LAUNER, MARC (2021) Performance and diversity in self-managed work teams. Doctoral thesis, Durham University.
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Author-imposed embargo until 28 April 2024.
Diversity in Self-Managed Work Teams (SMWTs) performing modern workplace software and service development in Agile multi-national distributed organizations, has become a new norm for many organizations and enterprises. Much research has been done regarding the effects of surface-level and deep-level diversity on team performance and efficiency. In recent years work has been done to conceptualize the different aspects of team performance and its contributing factors, such as the inner/social processes in teams, the output related performance and the matching feedback models. This study investigated multi-national research & development teams in a global aerospace enterprise (The Boeing Company, TBC). It modeled different forms of team performance (self-set goals, external-set goals performance, and member interactions peer performance insights) derived from recently conceptualized models and merges them with surface-level and deep-level diversity to find their contributions to the three levels of team performance. In addition, it investigates the same input diversity factors and the performance levels with team process ratings based on peer evaluations. It strives to reflect the vast variety of existing input parameter based research on team performance and reflecting it over such modern Agile software and services teams. It provides recommendations to practitioners on how to capitalize on these findings. The study confirms many previous findings regarding diversity factors as input parameters. It found additional diversity factors likely contributing to team performance, like native language diversity and education level diversity. It also found contributing factors from the culture dimension models — a field not extensively researched to date. Positive effects from higher levels of risk, directness and independence were found. New knowledge was created by relating the individual effects to the operationalized three levels of team performance. The study found that known input factors and newly found factors are not always contributing to all performance levels at the same level, or even at all to the modern forms of SMWTs. The findings also hint to practitioners that learnings and knowledge from more recent conceptualizations, that focus more on the dynamics and processes within a team, such as the Contingent Configuration Approach (CCA) or the Categorization-Elaboration Model (CEM) need much more attention when using frameworks such as Agile or Pragmatic Marketing. Just focusing on mere input parameters and maximizing there for output may underutilize the concepts existing. Recommendation are developed for managers and practitioners for such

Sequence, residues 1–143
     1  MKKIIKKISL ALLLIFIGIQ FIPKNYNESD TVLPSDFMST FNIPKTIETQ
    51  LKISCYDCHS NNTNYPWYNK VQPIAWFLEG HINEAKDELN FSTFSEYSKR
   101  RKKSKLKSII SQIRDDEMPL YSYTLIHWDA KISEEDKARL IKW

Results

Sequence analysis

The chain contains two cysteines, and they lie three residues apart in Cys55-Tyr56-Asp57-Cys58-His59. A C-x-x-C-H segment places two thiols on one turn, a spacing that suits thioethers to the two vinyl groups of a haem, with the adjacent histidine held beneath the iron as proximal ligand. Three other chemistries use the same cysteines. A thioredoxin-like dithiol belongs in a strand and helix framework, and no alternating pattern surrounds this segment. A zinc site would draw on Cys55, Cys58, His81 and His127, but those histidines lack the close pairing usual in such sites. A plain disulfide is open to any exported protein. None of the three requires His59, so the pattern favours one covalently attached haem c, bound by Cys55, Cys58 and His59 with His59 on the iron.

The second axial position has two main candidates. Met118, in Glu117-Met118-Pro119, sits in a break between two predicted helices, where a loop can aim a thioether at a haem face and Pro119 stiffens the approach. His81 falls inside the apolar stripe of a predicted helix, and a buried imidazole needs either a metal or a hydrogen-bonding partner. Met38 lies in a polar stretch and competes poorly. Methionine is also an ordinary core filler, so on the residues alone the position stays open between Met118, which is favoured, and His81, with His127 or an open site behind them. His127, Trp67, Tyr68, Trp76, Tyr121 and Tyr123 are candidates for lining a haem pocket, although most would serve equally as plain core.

teams based on the empirical findings and the reviewed and conceptualized models of team performance and diversity.
|Item Type:||Thesis (Doctoral)|
|Award:||Doctor of Business Administration|
|Faculty and Department:||Faculty of Social Sciences and Health > Economics, Finance and Business, School of|
|Copyright:||Copyright of this thesis is held by the author|
|Deposited On:||28 Apr 2021 14:06|